eDiscovery Daily Blog
As Blockchain Joins the Healthcare Profession, Are Legal Departments Prepared to Keep Up?: eDiscovery Trends
When we hear the word blockchain, most of us still think of Bitcoin, that mysterious new currency that seems to equally enthrall forward thinking investors and less-than-savory entrepreneurs who lurk around the darkest parts of the Dark Web. But blockchain technology is finding more and more practical uses, most recently in the healthcare industry.
In a recent Wall Street Journal Article, blockchain is presented as a low-cost, highly secure way to unify healthcare records, which to date has been a huge obstacle. As the article puts it, “In the current tangle of incompatible records systems that typifies U.S. health care, incorrect information can creep in when patient data gets re-entered multiple times by doctors’ offices, insurers and hospital staff. Big errors can seriously affect the quality of care that patients receive, small discrepancies can result in wrongful denials of insurance coverage, and errors of all types add to the system’s cost.”
In very simplified terms, Blockchain works like a giant Google Sheet: a single ledger that can be added to simultaneously by all users in the system, with each “transaction” creating an audit trail so that its data is nearly infallible. For healthcare records systems, this can put patients, insurers, and providers literally on the same page, providing secure and accurate information for all stakeholders across the board.
In January, Nashville-based Change Healthcare (a network of 800,000 physicians, 117,000 dentists and 60,000 pharmacies) introduced a blockchain system for processing insurance claims. The shared ledger of encrypted data gives providers a “single source of truth,” according to Emily Vaughn, blockchain product development director at Change Healthcare.
All parties can see the same information about a claim in real time, so that a patient or provider won’t have to call multiple parties to verify information. Each time data is changed, a record is shown on the digital ledger, identifying the responsible party. Any changes also require verification by each party involved, ensuring record’s accuracy.
Change Healthcare won’t reveal actual numbers about how much the new system (which processes roughly 50 million events daily) cuts costs, but the efficiencies, accuracy, and security will no doubt bring huge savings.
The question regarding the eDiscovery implications with this type of move are clear: How will this data be preserved, collected, and prepared for review? It’s not so much a question of a technical nature (though that will have to be answered by someone, but I’ll leave it to the software engineers to properly answer it). What I mean to say, is that anytime a new data source is introduced into the organization’s landscape, the question of preservation, collection, and production should already be on the minds of the legal department. Often, changes in a company’s technology infrastructure are driven by departments outside of legal: usually a combination of IT and business units looking for efficiency, security, and cost savings. Many times, large decisions will be made, leaving the legal team in the position of playing catch up when it comes to discovery should litigation arise.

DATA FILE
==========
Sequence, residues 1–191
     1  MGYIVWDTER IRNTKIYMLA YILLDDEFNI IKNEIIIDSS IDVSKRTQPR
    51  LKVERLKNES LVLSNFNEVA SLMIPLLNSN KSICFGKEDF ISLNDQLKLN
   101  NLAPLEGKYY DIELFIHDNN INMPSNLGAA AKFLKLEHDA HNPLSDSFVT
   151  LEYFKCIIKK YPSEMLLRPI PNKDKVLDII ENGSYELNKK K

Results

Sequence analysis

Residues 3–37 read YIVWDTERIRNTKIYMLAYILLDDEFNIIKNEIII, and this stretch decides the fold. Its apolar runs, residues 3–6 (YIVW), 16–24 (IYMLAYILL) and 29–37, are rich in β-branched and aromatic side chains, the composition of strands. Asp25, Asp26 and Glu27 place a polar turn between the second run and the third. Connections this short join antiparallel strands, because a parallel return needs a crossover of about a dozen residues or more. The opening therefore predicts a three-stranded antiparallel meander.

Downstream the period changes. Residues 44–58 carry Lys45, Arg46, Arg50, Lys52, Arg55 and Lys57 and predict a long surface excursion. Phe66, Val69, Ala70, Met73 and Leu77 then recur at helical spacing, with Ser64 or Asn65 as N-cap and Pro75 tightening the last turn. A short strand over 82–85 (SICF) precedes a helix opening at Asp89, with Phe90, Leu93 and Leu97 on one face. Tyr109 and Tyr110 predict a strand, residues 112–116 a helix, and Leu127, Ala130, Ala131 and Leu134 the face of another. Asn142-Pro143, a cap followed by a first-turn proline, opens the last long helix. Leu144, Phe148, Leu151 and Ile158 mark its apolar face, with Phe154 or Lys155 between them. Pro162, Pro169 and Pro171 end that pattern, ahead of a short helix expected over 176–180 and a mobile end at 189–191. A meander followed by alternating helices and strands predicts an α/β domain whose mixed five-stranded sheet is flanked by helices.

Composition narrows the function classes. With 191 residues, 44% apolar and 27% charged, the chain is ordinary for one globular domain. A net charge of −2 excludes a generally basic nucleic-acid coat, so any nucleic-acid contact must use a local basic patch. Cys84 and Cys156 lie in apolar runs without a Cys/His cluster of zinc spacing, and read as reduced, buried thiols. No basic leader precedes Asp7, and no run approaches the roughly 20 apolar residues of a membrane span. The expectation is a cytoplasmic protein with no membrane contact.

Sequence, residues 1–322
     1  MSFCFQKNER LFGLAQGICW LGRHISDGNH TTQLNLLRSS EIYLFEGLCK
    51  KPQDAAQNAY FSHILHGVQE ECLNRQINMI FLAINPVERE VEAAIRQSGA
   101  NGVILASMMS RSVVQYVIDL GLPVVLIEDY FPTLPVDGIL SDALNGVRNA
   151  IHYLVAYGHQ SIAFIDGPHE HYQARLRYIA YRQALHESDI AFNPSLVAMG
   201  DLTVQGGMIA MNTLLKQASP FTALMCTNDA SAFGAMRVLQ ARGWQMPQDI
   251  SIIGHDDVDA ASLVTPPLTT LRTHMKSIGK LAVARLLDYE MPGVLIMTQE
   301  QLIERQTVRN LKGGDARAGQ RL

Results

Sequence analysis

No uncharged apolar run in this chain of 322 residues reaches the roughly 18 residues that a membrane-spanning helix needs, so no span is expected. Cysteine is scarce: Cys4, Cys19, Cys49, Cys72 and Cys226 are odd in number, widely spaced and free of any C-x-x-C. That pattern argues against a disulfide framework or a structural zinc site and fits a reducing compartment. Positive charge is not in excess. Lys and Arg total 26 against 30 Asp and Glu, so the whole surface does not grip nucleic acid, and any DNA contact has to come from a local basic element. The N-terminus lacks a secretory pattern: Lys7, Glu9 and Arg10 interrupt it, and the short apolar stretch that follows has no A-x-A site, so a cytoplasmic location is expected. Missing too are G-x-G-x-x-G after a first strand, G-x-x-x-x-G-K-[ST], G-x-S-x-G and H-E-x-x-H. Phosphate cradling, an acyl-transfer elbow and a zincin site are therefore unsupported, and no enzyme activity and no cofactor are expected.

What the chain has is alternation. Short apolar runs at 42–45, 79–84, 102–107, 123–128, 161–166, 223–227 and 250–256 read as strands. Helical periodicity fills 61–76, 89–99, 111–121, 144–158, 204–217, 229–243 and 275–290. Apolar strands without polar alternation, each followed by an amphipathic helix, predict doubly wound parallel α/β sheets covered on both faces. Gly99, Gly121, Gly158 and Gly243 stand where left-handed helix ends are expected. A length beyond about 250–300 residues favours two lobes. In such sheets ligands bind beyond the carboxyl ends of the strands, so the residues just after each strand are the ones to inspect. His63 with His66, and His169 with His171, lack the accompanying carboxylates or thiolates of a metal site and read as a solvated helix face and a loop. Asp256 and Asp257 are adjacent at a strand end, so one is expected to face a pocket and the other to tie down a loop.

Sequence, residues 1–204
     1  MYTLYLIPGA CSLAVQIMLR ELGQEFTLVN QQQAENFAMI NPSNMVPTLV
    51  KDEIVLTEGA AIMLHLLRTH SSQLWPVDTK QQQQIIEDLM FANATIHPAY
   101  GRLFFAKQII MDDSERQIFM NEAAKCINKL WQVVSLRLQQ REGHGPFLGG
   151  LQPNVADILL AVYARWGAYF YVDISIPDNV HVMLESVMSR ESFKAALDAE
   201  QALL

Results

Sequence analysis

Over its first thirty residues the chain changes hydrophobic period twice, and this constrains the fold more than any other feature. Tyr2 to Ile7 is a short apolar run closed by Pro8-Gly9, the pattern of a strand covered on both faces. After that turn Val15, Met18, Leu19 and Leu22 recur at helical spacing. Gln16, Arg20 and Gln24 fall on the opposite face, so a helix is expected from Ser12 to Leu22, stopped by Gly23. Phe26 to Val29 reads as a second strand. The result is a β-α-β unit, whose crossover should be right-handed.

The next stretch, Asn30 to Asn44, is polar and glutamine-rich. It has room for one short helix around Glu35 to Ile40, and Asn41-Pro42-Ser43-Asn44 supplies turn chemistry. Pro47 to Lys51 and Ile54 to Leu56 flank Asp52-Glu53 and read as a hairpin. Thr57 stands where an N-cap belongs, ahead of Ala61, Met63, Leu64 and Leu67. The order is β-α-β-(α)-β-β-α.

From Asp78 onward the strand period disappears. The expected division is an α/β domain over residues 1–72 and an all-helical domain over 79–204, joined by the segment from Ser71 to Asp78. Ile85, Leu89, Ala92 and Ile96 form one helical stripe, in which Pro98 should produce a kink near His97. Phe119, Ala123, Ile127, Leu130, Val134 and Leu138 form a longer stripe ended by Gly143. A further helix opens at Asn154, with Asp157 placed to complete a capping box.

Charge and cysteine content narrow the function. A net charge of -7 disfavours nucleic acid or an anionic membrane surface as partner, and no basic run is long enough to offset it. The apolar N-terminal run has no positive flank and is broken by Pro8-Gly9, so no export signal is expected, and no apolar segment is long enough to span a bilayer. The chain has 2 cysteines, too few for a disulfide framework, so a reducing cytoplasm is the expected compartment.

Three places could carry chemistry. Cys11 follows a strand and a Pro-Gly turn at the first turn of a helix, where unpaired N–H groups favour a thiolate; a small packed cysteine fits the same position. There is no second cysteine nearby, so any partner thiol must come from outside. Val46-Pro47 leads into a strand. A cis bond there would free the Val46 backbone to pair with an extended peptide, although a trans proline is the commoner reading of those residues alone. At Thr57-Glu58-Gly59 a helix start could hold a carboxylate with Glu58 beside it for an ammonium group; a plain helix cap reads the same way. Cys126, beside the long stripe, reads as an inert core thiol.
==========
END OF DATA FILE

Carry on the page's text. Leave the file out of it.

So, even if your company isn’t moving to blockchain anytime in the near future, this story of what is happening in the healthcare space is important to consider, because, to quote the poet William Blake, “What is now real, was once only imagined.” And the potential uses for blockchain technology lately seems to be on everyone’s mind.
So, what do you think? How do you see the increased use of blockchain technology affecting eDiscovery? Please share any comments you might have or if you’d like to know more about a particular topic.
Sponsor: This blog is sponsored by CloudNine, which is a data and legal discovery technology company with proven expertise in simplifying and automating the discovery of data for audits, investigations, and litigation. Used by legal and business customers worldwide including more than 50 of the top 250 Am Law firms and many of the world’s leading corporations, CloudNine’s eDiscovery automation software and services help customers gain insight and intelligence on electronic data.
Disclaimer: The views represented herein are exclusively the views of the author, and do not necessarily represent the views held by CloudNine. eDiscovery Daily is made available by CloudNine solely for educational purposes to provide general information about general eDiscovery principles and not to provide specific legal advice applicable to any particular circumstance. eDiscovery Daily should not be used as a substitute for competent legal advice from a lawyer you have retained and who has agreed to represent you.
CloudNine empowers legal, information technology, and business professionals with eDiscovery automation software and professional services that simplify litigation, investigations, and audits for law firms and corporations.